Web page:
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Re: Proposed First Quarter 2000 Universal Service Contribution Factor Announced in CC Docket 96-45.

I cannot endorse the Common Carrier Bureau's proposed universal service contribution factor for the first quarter of 2000. The Commission continues to expand its universal service programs to astronomical proportions, and there seems to be no end in sight. Ratepayers are the losers here, since they wind up paying for the Commission's bloated universal service project in their phone bills. Many aspects of the Commission's implementation of the 1996 Act's universal service provisions trouble me, and I note some of those concerns here.

First, as I have observed many times, the schools and libraries program has ballooned into something Congress never envisioned, and it continues to grow. The Bureau projects that the program will require an astounding $552 million for the first quarter alone, with administrative expenses of an additional $9.8 million. These figures represent a nearly 42% increase from the first quarter of 1999, when the Bureau allocated around $320 million to the program. In addition, the expenses associated with administering this program are nearly 10 times higher than those for any of the other universal service programs. In my opinion, these expenses are excessive, and I cannot understand why there is such a tremendous disparity between the costs of operating the schools and libraries program and those associated with other universal service programs.

Second, the overall size of the universal service program has shot up by around 24% since the first quarter of 1999. Last December, the Bureau estimated that the total demand for its universal service programs would be $903 million in the first quarter of 1999. Now, it says that $1.181 billion is required.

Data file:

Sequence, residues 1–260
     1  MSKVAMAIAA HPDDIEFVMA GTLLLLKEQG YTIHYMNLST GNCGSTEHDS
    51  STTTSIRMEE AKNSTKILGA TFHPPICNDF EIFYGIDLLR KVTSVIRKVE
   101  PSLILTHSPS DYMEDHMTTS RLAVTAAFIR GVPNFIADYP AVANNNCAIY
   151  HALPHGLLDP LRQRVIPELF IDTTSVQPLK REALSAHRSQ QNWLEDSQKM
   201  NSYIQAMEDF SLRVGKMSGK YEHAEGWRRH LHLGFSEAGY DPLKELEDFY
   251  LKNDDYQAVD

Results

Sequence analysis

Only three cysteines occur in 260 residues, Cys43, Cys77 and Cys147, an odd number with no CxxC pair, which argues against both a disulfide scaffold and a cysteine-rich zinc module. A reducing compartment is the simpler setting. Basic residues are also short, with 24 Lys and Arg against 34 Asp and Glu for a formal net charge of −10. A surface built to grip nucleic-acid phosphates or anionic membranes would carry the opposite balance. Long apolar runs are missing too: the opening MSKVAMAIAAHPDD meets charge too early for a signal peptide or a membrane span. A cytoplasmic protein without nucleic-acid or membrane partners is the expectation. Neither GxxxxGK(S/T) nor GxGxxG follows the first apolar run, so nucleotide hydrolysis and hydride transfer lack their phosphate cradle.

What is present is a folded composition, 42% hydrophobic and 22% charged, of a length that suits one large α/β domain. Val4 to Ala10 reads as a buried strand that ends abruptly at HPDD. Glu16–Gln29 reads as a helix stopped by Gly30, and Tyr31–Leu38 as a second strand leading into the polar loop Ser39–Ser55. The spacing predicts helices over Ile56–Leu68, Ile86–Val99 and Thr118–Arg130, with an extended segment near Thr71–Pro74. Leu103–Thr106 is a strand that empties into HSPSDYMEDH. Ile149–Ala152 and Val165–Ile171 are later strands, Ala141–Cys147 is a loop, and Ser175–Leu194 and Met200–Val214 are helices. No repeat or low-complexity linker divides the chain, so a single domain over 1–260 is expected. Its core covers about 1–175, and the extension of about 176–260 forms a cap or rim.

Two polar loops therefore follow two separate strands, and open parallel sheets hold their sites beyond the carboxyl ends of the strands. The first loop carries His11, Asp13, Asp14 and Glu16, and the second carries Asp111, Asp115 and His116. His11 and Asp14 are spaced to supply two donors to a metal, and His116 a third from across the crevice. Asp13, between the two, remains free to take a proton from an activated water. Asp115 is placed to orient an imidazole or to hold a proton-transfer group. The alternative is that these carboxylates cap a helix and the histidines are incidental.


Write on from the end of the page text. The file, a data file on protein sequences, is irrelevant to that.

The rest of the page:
Finally, I think it is worth noting that the way that consumers will pay for these expensive ventures has changed fundamentally in the past year. As a result of the Fifth Circuit's decision last July, the Commission may no longer include intrastate revenues in the universal service contribution base, and universal service contributions are now assessed only on carriers' interstate and international end-user telecommunications revenues. In simple terms, this means that long-distance and wireless carriers will wind up shouldering more of the burden for universal service (contributing nearly 6% of their interstate and international end-user telecommunications revenues to the program), and local exchange carriers will pay less. These companies will pass their increased costs along to consumers, who will pay significantly more for long-distance and wireless services. See Jerry Hausman, Taxation by Telecommunications Regulation, Working Paper/National Bureau of Economic Research (Nov. 1997). The burden on traditional long-distance companies may turn out to be especially severe, given the emergence of the Internet as an unregulated alternative to traditional circuit-switched calling. Consumers unwilling to pay artificially high long-distance bills may begin opting for the new medium of the Internet. Even in the short term, therefore, the Commission's method of collecting support for its universal service programs may well be unsustainable.